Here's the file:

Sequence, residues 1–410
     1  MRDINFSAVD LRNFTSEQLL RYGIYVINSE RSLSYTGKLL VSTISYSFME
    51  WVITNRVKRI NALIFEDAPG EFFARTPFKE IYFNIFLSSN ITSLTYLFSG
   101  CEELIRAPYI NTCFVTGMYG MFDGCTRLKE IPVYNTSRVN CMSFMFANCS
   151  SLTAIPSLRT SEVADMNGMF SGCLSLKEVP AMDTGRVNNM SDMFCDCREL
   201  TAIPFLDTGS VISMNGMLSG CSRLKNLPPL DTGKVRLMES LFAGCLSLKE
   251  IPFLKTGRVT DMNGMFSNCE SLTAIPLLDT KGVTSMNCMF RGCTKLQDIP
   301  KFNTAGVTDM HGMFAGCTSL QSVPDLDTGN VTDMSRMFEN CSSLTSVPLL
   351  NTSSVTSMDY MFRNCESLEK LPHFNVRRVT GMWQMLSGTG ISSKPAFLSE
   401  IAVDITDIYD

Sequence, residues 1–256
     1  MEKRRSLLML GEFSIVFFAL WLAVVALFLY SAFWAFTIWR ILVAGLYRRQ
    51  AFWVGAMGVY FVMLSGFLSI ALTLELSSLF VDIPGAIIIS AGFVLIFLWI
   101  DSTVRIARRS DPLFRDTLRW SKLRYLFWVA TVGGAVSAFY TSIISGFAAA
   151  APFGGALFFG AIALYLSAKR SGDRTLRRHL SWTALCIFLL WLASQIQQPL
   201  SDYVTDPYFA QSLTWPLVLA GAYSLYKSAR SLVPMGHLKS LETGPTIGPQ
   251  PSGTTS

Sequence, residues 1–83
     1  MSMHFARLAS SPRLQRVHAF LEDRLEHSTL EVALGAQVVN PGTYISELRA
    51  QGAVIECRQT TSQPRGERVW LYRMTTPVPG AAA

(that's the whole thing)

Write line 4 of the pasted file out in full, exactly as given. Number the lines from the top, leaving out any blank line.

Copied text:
   101  CEELIRAPYI NTCFVTGMYG MFDGCTRLKE IPVYNTSRVN CMSFMFANCS